Louisianians Favor Marijuana Legalization, Poll Finds

A poll released Thursday by the American Civil Liberties Union of Louisiana found a slim majority favoring marijuana legalization. The Public Policy Polling survey had support for taxed and regulated marijuana legalization at 53% and support for medical marijuana at 65%.

The poll also found little support for the state's current harsh marijuana laws, some of the most draconian in the nation. Under current Louisiana law, someone convicted of a marijuana offense can be sentenced to life without parole if he has a prior felony and prison terms can be up to 20 years for repeat marijuana possession offenders.

But only 22% of respondents favored life without parole for felons busted for pot, and only 32% favored the long prison sentences for simple possession, even for repeat offenders. Yet oddly enough, only 47% supported making a six month jail sentence and a fine the maximum sentence for repeat possession offenders.

"People understand that criminalizing marijuana has wasted public funds, has not made anyone safer, and that marijuana is not the danger it was thought to be," said Marjorie Esman, executive director of the ACLU of Louisiana. "Despite last session's failure to pass a bill to reform marijuana sentencing (House Bill 103), marijuana law reform is coming to Louisiana. Voters in this state are in agreement with the rest of America that marijuana should be taxed and regulated," Esman said.

HB 103 would have reduced sentences for simple marijuana possession from 20 years in prison to two years for a third offense conviction, and no more than five years for a subsequent offense. It was watered down in the House before going to the Senate, where it was killed.

"This new poll also shows that a majority of Louisiana voters think it's time to change the state's outdated and overly harsh marijuana sentencing laws," said Esman. "The ACLU stands with the 59% of Louisianans who oppose long prison sentences, and 64% who oppose a sentence of life without parole for a marijuana offense."

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Life in Prison for Possessing the Wonder Drug of All Time

Gov. Huey Long would have been all over this.  Imagine a culture that votes to prolong human suffering and kill people.  That would be any state that refuses to recognize medical or recreational marijuana.

The time quickly approaches when a state government refusing to legalize marijuana will invoke accusations of latent homicidal behavior, a behavior just as common to nations and states as people.

Do American states refusing the health benefits of cannabinoids have a death wish?  I’m talking about the politicians and their future political chances; the citizens are another topic.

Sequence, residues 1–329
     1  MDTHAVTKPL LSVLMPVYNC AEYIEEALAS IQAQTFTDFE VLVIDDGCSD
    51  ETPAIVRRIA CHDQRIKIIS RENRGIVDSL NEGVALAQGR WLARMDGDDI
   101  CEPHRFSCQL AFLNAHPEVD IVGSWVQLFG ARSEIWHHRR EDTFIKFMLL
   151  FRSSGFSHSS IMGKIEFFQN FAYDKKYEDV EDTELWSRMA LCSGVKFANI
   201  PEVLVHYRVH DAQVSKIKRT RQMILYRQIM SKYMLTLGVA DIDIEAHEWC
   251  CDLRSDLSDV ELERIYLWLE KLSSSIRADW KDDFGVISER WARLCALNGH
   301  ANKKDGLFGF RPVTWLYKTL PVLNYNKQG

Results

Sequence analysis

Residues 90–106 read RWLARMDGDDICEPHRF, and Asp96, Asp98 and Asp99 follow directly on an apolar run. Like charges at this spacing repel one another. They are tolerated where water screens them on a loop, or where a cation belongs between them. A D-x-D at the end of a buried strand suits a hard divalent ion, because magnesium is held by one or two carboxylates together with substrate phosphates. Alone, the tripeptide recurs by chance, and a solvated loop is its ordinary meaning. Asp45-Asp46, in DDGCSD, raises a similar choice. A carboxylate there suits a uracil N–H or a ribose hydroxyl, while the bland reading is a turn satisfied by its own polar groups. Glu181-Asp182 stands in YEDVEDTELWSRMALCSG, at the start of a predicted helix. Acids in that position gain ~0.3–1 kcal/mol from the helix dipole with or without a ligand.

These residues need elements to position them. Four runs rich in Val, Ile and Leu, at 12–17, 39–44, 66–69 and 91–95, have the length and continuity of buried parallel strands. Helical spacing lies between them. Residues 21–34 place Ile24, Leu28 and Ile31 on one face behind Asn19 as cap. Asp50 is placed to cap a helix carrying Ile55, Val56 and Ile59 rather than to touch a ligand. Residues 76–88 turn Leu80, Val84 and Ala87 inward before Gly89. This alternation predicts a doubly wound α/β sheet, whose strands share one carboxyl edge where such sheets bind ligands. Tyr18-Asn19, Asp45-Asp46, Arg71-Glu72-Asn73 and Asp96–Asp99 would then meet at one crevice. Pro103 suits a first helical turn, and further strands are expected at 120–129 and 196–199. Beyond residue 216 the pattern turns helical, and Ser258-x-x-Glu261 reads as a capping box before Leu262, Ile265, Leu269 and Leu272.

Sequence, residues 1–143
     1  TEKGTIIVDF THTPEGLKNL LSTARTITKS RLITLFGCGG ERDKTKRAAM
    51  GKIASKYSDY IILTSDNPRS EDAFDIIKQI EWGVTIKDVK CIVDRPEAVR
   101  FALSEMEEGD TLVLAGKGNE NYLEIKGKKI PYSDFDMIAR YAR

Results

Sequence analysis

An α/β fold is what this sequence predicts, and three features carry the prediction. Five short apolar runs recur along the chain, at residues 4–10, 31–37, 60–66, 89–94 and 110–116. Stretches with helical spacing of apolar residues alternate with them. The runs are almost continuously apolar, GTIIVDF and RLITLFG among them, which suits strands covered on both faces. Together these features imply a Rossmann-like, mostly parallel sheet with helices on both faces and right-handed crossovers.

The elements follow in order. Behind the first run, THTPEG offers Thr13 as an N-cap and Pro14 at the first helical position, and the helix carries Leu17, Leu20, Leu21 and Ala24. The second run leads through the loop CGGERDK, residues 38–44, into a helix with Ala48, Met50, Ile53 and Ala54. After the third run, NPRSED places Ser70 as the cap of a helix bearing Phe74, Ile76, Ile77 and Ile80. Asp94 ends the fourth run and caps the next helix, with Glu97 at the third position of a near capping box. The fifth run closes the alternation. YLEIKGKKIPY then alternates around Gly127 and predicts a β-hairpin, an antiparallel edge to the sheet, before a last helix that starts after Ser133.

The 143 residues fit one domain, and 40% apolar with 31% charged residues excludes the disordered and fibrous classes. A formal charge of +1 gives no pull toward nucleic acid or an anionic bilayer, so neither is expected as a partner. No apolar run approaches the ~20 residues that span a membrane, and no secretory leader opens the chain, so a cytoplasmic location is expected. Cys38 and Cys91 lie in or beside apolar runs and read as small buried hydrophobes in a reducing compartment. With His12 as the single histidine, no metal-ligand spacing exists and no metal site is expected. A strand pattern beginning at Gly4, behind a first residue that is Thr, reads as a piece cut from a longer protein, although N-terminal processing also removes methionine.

John McCain, the original exorcist of all things marijuana, just endorsed marijuana legalization.  Right on.  The South can rise again, higher and higher.  Save a few lives, Louisiana. You’ll feel better about yourselves.

Another homicide, even bigger

Giordano is correct that denying many ill persons medical cannabis has caused worsened illness or death! 

But an even bigger prohibition genocide  is the number of deaths caused by the policy of "recreational" cannabis not being available to young persons AS AN ALTERNATIVE to 6,000,000-deaths-per-year $igarettes, or ten times as expensive per weight as $igarette tobacco-- so that many youngsters are steered into accepting the latter as a "social smoking" choice, getting hooked, buying $3000 a year as a pack-a-day addict, spending $100,000 in three decades or so, then $100,000 to Big pHARMa in a final grim decade trying to stay alive long enough to see the grandchildren. 

As a residEnt, I can tell you

As a residEnt, I can tell you that 80% or so of our prisons are for profit. The state spends about $3,000 per prisoner per year. For profit prisons run their prisons for cheaper, make a profit on prisoners, then take a percentage of that money and donate it to local sheriffs' offices, which in turn hires more deputies and they then arrest more people. About 1/4-1/3 of LA prison population is non-violent drug offenders with about 1/3 of those offenders in prison over pot. With this knowledge, you can then understand that Louisiana is fucked. How fucked? We'll be one of the last states to legalize or decriminalize weed. Big alcohol, private prisons, and the tobacco industry are working very hard to insure that this very drug conservative state stays drug conservative.

Basically, we need everyone and their mommas to pressure our state legislature to do the will of the people. If anyone knows anything about Louisiana politics, that means offer a shit load of money to several prominent congressional members. Louisiana, ladies and gEnts, is really up.

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